In England we see most clearly what some leading politicians thought might be the answer: encouraging the emigration of Jews from Europe to the colonies.  One of the early proponents of this, essentially anti-Semitic, policy was Sir Laurence Oliphant.  As he proposed, getting rid of the Jews as neighbors --  that is, in England --  and thus solving the "Jewish Problem" would foster British trade and help Britain consolidate its empire if they established themselves as colonies in Africa or Asia.   Added to the benefit imperialists identified was the vague but attractive idea held by many fervent Christians that if the Jews returned to the Holy Land, they would become Christian.  Thus, support for Zionism seemed to many Europeans to be  a win-win policy.  

                  Europeans knew little about the peoples they were conquering in Africa and Asia and did not regard their well-being as of much importance.  Americans, let us admit, were even more brutal in dealing with native Americans.  So were the Australians with the Aboriginals and the South African Boers with the Bantu.  Rich, Western societies generally regarded the poor of the world, and especially other races, colors and creeds,  as subhuman, without claims on freedom or even sustenance.  This was the attitude taken up by the early Zionists toward the Arabs.   Even their existence was often denied.  The Zionist leader, Israel Zangwill.  described Palestine and Zionist aspirations for it as being "a country without a people for a people without a land. "

                  Zangwill's was a powerful slogan.  Unfortunately, it masked a different reality.  Given the technology of the times, Palestine was actually densely populated.  The overwhelming portion of the inhabitants were villagers who farmed such land as they could water.   Water, never plentiful, was the limiting factor.  Nomads lived on the edges but they were always few in number, never as much as 15% of the natives.  They too used sparse resources in the only way they could be used, by moving their animals from one temporary source of grazing to another as rain made possible.

                  Until massive amounts of money and new technologies became available from the 1930s, population and land were in balance but, of course, in balance on a lower level than in wetter, richer climates where societies had more advanced technologies.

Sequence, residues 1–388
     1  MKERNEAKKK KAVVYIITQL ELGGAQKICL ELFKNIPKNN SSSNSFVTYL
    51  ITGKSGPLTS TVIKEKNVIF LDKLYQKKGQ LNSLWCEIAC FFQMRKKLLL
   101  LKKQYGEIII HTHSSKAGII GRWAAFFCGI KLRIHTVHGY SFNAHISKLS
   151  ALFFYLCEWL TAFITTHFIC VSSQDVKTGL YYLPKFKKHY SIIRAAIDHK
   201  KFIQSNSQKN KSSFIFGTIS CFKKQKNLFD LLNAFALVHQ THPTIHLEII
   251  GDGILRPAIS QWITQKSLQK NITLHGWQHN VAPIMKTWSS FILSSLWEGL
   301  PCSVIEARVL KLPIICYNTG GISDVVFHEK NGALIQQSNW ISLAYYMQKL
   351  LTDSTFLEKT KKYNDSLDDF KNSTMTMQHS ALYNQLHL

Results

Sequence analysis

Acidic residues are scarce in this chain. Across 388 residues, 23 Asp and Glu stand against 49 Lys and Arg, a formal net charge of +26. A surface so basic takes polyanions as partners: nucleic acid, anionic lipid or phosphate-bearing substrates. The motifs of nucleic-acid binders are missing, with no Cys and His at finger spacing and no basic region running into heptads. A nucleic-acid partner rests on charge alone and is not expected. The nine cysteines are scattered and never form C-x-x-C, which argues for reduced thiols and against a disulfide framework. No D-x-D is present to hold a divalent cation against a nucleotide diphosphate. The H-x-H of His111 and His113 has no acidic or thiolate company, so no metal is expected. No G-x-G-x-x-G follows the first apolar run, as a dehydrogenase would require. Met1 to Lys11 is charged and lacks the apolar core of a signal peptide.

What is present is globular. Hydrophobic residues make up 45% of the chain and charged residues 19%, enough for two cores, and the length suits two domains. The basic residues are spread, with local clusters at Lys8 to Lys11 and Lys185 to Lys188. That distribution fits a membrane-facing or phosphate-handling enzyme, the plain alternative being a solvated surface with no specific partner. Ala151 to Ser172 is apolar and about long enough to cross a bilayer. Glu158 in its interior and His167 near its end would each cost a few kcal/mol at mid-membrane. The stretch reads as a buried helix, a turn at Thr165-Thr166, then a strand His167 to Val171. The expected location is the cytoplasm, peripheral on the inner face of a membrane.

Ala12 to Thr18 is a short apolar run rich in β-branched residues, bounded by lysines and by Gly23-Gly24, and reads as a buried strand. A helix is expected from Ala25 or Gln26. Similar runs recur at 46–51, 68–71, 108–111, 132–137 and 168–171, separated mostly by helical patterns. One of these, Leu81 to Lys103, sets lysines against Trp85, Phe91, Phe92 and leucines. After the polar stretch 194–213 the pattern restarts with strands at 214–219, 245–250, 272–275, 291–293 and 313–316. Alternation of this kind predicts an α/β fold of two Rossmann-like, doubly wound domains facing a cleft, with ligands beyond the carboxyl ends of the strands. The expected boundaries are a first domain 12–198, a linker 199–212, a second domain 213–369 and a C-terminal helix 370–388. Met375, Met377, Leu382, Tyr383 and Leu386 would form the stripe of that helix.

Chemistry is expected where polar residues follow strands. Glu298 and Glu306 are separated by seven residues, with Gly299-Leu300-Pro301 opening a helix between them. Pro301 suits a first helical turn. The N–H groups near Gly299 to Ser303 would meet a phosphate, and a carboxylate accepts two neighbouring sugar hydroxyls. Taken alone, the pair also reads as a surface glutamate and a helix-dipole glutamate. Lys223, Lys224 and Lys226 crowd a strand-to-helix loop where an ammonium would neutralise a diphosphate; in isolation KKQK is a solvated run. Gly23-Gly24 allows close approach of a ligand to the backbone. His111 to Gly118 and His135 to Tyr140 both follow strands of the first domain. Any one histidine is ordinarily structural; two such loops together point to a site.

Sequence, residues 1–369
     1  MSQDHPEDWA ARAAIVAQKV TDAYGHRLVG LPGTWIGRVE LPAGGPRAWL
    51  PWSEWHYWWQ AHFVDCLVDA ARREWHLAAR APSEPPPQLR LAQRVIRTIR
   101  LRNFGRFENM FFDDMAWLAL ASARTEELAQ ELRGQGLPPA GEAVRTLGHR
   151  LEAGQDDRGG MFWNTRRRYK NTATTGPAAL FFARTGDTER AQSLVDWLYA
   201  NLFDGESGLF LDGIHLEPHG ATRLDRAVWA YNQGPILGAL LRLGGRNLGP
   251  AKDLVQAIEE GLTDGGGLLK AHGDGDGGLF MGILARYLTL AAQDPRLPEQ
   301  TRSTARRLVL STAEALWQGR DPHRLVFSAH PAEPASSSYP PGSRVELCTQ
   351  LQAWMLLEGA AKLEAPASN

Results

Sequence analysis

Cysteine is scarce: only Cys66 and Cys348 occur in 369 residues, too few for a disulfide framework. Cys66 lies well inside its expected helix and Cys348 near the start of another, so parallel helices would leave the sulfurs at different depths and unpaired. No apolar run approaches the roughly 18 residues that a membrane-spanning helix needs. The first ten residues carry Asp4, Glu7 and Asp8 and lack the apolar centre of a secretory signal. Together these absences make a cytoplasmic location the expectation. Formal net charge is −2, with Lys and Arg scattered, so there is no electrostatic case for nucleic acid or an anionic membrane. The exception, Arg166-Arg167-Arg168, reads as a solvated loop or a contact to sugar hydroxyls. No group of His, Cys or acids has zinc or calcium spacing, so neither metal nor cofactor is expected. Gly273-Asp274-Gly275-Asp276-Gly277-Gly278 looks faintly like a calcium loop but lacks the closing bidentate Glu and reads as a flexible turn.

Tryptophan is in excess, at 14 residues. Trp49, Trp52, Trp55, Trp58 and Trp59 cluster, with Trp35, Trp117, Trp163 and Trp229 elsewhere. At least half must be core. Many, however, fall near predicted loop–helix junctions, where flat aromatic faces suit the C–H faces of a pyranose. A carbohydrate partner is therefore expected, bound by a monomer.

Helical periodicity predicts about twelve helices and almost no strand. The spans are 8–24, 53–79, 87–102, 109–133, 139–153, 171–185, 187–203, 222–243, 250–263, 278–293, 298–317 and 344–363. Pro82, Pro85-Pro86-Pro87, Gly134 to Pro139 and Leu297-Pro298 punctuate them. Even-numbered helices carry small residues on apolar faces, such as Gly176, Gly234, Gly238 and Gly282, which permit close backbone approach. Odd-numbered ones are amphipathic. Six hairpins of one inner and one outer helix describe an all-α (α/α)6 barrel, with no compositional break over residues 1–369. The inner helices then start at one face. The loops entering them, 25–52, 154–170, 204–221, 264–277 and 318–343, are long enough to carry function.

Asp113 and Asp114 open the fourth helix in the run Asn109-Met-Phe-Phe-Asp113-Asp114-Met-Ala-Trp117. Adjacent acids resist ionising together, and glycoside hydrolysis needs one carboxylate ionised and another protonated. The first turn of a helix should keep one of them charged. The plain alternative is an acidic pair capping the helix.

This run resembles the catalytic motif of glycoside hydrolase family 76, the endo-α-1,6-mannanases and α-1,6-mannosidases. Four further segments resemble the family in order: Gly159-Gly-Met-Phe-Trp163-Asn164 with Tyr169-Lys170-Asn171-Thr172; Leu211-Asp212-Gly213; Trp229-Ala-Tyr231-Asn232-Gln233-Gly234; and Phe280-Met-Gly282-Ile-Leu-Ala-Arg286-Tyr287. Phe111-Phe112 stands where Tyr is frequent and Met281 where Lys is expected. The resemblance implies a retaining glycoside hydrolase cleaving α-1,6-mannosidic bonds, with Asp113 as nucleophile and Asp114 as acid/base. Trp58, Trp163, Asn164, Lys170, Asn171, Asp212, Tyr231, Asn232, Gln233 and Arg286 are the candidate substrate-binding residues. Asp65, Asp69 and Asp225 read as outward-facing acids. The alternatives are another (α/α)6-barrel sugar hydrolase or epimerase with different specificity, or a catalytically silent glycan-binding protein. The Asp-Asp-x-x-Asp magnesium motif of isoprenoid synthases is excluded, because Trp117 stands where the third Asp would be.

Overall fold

Oliphant, his successors in the British government and others in the French government were not concerned about what their policies did to native peoples.  The British were keen to take the lands of African blacks and to plunder the Indians while the French engaged in policies approaching genocide in Algeria.  As focused on Palestine, the British sought to solve the problem of what to do with the Jews at the expense of peoples who could not defend themselves -- and to benefit from the work of the Jews rather like medieval kings did -- rather than to reform their own attitudes toward Jews.   Thus, as Claude Montefiore, the president of the Anglo-Jewish Association declared on November 30, 1917,  "The Zionist movement was caused by anti-Semitism."

The Deep Cause of War: The Middle Term

                  The two World Wars set the parameters of the "middle term" causes of the struggle for Palestine.  Briefly,  we can sketch them under four headings:  first, the desperate struggle of the British to avoid defeat in the First World War by courting Jewish support;  second, the struggle of the British both to defeat the still powerful Ottoman empire and to avoid the danger of mutiny of Muslims in their Indian empire; third, the British attempts to "square" of the triangle of promises made during the war to Arabs, Jews and their French allies; and, fourth, the management of a viable "mandate," as they renamed their League of Nations- awarded colonies.  Taken together, these acts form the "middle term" of the causes of war in our times.  They are:

                  First, in the final period of the First World War, the Russians were convulsed by revolution and sought a separate peace with Germany (the 1917-1918 negotiations that led to the Brest-Litovsk treaty).  The Germans' incentive for the treaty was that it allowed them to shift their powerful military formations from the Eastern to the Western front.  They hoped that in one huge push they could overwhelm the already depleted and exhausted Anglo-French armies before America could effectively intervene.  The Allied High Command thought this was likely.   Slaughter of the Allied forces had been catastrophic.  At the same time, England faced bankruptcy.  It had drawn down its own reserves and exhausted its overseas credit.  It was desperate. 

                  So what options did the British have?  Let us be clear: whether their assessment was right or wrong  is  irrelevant because they acted on what they thought they knew.  They believed that  support for Zionist aspirations would,  or at least might,  change their fortunes because they thought that

                  *the Bolsheviks who had become the Russian government were overwhelmingly Jewish and seeing British support for what was presumably their aspiration for a national home, they would rescind or not implement the contentious and unpopular Brest-Litovsk treaty and so keep the German army from redeploying on the Western front;